Show One-Do One-Teach One

Pillar 1 – Helping people up the ladder is easier than holding them on the bottom rung.

Today we talk about Pillar #1:

It’s WAY easier to help people up a ladder than keep them down on the bottom rung.

I hesitated before even documenting this pillar, but the older I get, the more I realize that people don’t innately get this concept.  It is so important to help other people out. Call me weird, old-fashioned, or too good of a person – but I like helping people. But even I had to learn this lesson.

Screwing someone over is never ever a long-term win.


No matter how much you dislike someone, you have to at least try to help them out, especially when we are in a service area like IT.

By the way – did you know that?  We are in a service job.  I legitimately didn’t consider this until someone pointed it out to me.  We exist to serve other people with our tech knowledge.  Not to say that you are a SERVANT plebian who doesn’t proceed far in your career!  Far from it, I want you to become an SME (Subject Matter Expert).  But that’s the rub.  It’s VERY easy to become cold and calculating the more you know.  I know because this happened to me once.  Let me paint the picture:

I had just been promoted to a new position of authority for networking at an oil and gas company, and I was responsible for all of IT infrastructure in a region.  Kinda.  Sorta – it was weird because I had not-quite-peers in the office, they were junior-to-mid level folks.  There was a skill gap… NOT an aptitude or attitude gap though.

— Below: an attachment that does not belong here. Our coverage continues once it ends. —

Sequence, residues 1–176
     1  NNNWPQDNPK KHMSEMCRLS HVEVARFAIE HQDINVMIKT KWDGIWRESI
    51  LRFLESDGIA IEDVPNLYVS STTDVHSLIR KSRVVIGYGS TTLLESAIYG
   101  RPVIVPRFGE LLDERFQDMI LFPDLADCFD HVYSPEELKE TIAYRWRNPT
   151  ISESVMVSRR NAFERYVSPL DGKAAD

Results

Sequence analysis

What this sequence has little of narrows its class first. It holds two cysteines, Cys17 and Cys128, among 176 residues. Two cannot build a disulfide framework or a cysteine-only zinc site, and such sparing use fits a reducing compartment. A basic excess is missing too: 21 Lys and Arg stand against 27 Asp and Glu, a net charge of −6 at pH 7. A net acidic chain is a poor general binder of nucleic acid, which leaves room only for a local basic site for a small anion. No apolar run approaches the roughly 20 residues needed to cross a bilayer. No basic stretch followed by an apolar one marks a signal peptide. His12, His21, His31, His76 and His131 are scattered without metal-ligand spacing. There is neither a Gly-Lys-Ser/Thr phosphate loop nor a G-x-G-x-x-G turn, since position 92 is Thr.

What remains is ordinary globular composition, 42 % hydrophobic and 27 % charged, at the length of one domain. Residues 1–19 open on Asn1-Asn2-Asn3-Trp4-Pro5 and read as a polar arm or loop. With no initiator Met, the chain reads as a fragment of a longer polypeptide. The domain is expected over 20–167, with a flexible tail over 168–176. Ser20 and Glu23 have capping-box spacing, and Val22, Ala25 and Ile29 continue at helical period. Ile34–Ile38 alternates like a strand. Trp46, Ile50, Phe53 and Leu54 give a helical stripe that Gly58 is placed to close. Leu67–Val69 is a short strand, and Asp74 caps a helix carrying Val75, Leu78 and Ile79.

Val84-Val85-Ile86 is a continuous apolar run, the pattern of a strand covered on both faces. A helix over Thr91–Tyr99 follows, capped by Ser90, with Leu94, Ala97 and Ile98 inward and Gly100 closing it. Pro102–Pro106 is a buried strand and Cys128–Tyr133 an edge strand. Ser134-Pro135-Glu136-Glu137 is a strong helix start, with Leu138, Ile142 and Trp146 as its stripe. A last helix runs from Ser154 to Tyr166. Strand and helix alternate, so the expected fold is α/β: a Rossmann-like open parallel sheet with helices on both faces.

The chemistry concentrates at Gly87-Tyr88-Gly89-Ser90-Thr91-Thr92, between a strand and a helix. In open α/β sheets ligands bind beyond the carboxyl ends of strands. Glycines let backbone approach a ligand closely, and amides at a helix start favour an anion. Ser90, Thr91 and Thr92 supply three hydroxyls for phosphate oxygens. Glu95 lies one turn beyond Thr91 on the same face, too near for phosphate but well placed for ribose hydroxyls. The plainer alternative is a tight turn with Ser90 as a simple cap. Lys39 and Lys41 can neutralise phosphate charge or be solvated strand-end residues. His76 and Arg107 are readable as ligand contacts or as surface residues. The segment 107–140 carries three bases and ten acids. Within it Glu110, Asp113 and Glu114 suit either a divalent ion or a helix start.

Therein lied the rub.  I felt ever so much superior to my hard working really smart peers.  Why?  Because… science?  Pride? Fear?

Who knows. One plausible reason was that I was a blind-spotted idiot, that’s why. I was so afraid of not being the smartest guy in the room that I built myself a sand kingdom.  Ironically, what happened next was really quite humbling.


That’s right – REPLACED.

Not on paper mind you, but corporate sent out a guy who would ultimately become the architect of the network.  He was going to tag along to ‘help out’.  What I learned next was oh so very humbling.  In order, what I learned was:

#1 – I had done wrong by not empowering the guys in the office more.

Being a control-freak did not help me.  Instead of doing deep dive training, I delegated stupid tasks I didn’t want to do.  Don’t get me wrong – delegation is NOT bad.  But expecting people you work with as a peer and leader to JUST do grunt work is wrong.  I kept all the ‘good stuff’ for me, but there was too much of it.

#2 – I got a dose of what I SHOULD have done when I got mentored.

Instead of sweeping in and telling me what garbage my network design was (and there was room to poke a few holes I think, looking back) – this guy took me under his wing.  We were having a really weird delay with some protocols.  Instead of going ‘Hey jackass, go fix this problem’, no he did it the right way:

1: He walked me through why it was a problem. 

2: Then he showed me how to fix it. 

3: And had me show the other guys how to fix it.

I walked away changed.

Was I a little chaffed at being replaced?  Yeah, I was, but I learned a MUCH DEEPER truth than setting a native VLAN on a trunk port because of random Israeli rules.

I learned ‘Show one, Do One, Teach One’. 

I didn’t have those words, but I got the concept.  And by God, it stuck (thanks Ronnie).  For more about WHY I got replaced, stick around for my explanation on Pillar 5.

So who in your career can you mentor instead of delegating to?

If you can’t think of anyone, who should be mentoring you?

Leave a comment with any insights or experiences.